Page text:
The Caloric Conundrum

The fetishization of calories by generations of weight-conscious eaters seems to have brought disaster. Even with the help of fancy technology, people just don’t seem able to keep energy consumption on a leash. There is a happy medium between compulsively counting every calorie, and ignoring the whole issue. It’s easy to learn a repertoire of basic healthful foods and stick with them, in reasonable amounts, and get pretty much the same result with less stress.

The U.S. government’s 2020 Dietary Guidelines Advisory Committee vindicates its existence by describing in elaborate detail how much worse child obesity is now than it was last week, month, and year.

A decade ago, the 2010 version of the same committee published a list of the top 10 sources of calories in the American diet, replicated here in its glorious entirety:

1. Grain-based desserts (cakes, cookies, donuts, pies, crisps, cobblers, and granola bars)
2. Yeast breads
3. Chicken and chicken-mixed dishes
4. Soda, energy drinks, and sports drinks
5. Pizza
6. Alcoholic beverages
7. Pasta and pasta dishes
8. Mexican mixed dishes
9. Beef and beef-mixed dishes
10. Dairy desserts

The 2020 report says,

The American dietary landscape has not changed appreciably in recent decades. Across the life course, it is characterized by a persistent overconsumption of total energy (i.e., calories), saturated fats, salt, added sugars, and alcoholic beverages among a high proportion of those who choose to drink.

The current lineup is not exactly parallel to the 2010 list, because it has been broken down into categories, namely, solid fats and added sugars, which are food components “of public health concern.” Also, there is more differentiation between age groups. In the solid fats area, the worst obesity villains are burgers and sandwiches; desserts and sweet snacks.

For all Americans older than two years, “mixed dishes” are the top source of energy intake. In general, we’re talking about casseroles, stews, frozen dinners, lasagna and other pasta dishes, meat pies, vegetarian pies, and even pizza. Every culture has its specialties, and in reality there are as many mixed dishes as there are cooks.

The second largest category differs by age. For kids from two through 19, the number-two villain is snacks/sweets. The report is replete with horrifying facts, for instance,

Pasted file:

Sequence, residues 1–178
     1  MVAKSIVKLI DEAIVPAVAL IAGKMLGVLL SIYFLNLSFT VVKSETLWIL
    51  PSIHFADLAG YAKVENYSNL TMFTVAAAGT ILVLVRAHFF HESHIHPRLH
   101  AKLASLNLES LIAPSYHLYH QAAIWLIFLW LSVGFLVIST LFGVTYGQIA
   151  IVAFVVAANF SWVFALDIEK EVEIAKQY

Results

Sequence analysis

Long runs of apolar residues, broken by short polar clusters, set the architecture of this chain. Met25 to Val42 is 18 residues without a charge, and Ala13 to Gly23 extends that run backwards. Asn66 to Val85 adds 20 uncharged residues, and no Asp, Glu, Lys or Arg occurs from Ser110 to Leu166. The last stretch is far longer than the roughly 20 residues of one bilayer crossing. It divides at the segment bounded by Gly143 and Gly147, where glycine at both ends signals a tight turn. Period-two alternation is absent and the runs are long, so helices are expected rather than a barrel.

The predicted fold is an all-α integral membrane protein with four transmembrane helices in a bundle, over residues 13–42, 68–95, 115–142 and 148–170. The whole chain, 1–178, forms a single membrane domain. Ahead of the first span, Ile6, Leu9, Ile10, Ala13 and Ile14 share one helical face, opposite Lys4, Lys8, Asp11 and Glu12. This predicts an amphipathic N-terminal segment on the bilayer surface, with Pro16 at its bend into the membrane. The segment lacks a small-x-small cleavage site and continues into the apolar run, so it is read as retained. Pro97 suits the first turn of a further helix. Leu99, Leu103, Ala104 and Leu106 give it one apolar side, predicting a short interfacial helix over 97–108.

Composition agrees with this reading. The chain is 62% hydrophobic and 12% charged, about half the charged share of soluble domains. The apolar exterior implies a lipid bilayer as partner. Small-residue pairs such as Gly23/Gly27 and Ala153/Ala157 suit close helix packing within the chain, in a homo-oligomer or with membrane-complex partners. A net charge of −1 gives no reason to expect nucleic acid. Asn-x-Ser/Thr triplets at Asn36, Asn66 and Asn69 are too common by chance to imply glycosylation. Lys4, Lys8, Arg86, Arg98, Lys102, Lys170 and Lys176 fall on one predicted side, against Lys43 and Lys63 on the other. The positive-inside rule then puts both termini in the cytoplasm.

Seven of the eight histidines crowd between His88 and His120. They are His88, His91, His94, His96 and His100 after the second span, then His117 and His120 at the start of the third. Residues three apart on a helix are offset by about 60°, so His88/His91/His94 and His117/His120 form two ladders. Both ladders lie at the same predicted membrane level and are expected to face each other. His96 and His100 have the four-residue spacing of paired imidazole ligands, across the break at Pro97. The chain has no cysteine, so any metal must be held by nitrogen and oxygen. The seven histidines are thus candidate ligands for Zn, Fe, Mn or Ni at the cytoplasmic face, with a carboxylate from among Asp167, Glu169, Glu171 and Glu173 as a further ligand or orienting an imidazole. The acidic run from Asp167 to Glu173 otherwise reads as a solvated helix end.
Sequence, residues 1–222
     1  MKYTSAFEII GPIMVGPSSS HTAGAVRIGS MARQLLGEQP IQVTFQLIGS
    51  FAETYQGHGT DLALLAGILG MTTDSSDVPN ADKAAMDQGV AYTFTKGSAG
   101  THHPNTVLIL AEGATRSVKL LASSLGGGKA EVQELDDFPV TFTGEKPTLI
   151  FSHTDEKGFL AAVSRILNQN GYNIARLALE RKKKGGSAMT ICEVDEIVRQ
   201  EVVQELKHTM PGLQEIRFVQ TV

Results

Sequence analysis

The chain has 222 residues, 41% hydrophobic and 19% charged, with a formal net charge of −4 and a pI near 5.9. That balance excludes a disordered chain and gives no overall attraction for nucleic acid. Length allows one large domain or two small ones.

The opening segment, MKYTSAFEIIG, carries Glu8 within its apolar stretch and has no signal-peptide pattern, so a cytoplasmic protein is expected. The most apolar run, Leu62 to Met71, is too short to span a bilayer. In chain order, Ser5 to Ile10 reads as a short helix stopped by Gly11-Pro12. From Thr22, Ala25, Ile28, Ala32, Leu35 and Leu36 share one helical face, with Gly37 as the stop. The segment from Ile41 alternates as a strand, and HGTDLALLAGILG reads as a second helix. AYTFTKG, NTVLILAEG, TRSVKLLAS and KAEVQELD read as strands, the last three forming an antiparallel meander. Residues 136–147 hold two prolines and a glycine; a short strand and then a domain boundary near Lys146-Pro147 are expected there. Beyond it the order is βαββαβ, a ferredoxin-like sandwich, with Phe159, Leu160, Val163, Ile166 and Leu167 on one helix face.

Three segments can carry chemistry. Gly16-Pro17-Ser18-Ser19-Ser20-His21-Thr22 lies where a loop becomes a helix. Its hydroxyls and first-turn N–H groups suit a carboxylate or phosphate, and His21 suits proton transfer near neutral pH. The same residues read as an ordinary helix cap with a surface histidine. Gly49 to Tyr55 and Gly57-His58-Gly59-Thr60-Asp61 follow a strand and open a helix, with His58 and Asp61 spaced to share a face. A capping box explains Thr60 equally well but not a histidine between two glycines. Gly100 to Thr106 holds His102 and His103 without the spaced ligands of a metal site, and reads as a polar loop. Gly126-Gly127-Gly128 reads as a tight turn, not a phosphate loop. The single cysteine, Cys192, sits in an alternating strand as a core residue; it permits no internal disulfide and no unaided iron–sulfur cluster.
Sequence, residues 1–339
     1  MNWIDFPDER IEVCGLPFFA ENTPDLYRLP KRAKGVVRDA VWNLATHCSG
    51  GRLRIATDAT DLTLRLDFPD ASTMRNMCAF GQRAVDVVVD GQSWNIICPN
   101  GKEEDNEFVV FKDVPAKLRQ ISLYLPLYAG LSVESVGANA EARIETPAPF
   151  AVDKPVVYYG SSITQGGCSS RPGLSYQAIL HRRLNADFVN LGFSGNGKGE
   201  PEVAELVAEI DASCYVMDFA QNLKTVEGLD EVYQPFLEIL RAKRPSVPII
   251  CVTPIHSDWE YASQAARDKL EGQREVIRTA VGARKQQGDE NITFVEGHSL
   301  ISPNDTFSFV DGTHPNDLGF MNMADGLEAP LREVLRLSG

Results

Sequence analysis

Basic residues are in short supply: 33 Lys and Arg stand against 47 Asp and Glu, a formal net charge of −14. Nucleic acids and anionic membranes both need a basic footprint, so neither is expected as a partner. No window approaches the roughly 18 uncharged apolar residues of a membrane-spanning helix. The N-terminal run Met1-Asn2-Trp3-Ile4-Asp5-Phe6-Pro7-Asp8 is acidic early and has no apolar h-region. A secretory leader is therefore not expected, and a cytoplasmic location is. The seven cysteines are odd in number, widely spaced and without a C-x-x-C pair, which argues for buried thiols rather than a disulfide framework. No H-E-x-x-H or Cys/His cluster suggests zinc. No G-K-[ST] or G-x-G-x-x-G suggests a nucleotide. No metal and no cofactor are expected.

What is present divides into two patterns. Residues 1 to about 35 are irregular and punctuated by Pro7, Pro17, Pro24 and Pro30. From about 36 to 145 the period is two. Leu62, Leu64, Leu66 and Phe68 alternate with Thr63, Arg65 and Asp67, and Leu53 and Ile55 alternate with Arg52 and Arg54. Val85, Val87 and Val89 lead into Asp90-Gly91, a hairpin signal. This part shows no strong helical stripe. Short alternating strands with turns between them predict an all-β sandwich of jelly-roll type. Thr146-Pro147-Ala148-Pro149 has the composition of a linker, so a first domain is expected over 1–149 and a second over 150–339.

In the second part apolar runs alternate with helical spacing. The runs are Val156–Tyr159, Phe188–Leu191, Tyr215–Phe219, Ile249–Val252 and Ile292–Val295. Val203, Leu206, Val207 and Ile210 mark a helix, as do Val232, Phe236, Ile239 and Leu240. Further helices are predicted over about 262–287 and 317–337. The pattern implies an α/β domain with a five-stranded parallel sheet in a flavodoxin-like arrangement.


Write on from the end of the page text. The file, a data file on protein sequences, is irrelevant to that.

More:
Beverages provide almost 1 out of every 7 calories consumed by U.S. youth ages 2 to 19 years.

Rather than counting, it might be useful to pay more attention to the end result of introducing these varying kinds of calories, whose nutritional qualities differ, into the body.

Your responses and feedback are welcome!

Source: “Scientific Report of the 2020 Dietary Guidelines Advisory Committee,” DietaryGuidelines.gov, 2020
Source: “What Americans Eat: Top 10 sources of calories in the U.S. diet,” Harvard.edu, 2010
Source: “Scientific Report of the 2020 Dietary Guidelines Advisory Committee,” DietaryGuidelines.gov, 2020
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OVERWEIGHT: What Kids Say explores the obesity problem from the often-overlooked perspective of children struggling with being overweight.

About Dr. Robert A. Pretlow

Dr. Robert A. Pretlow is a pediatrician and childhood obesity specialist. He has been researching and spreading awareness on the childhood obesity epidemic in the US for more than a decade.
You can contact Dr. Pretlow at:

Presentations

Dr. Pretlow’s invited presentation at the American Society of Animal Science 2020 Conference
What’s Causing Obesity in Companion Animals and What Can We Do About It

Dr. Pretlow’s invited presentation at the World Obesity Federation 2019 Conference:
Food/Eating Addiction and the Displacement Mechanism

Dr. Pretlow’s Multi-Center Clinical Trial Kick-off Speech 2018:
Obesity: Tackling the Root Cause

Dr. Pretlow’s 2017 Workshop on
Treatment of Obesity Using the Addiction Model

Dr. Pretlow’s invited presentation for
TEC and UNC 2016

Dr. Pretlow’s invited presentation at the 2015 Obesity Summit in London, UK.

Dr. Pretlow’s invited keynote at the 2014 European Childhood Obesity Group Congress in Salzburg, Austria.

Dr. Pretlow’s presentation at the 2013 European Congress on Obesity in Liverpool, UK.

Dr. Pretlow’s presentation at the 2011 International Conference on Childhood Obesity in Lisbon, Portugal.

Dr. Pretlow’s presentation at the 2010 Uniting Against Childhood Obesity Conference in Houston, TX.

Food & Health Resources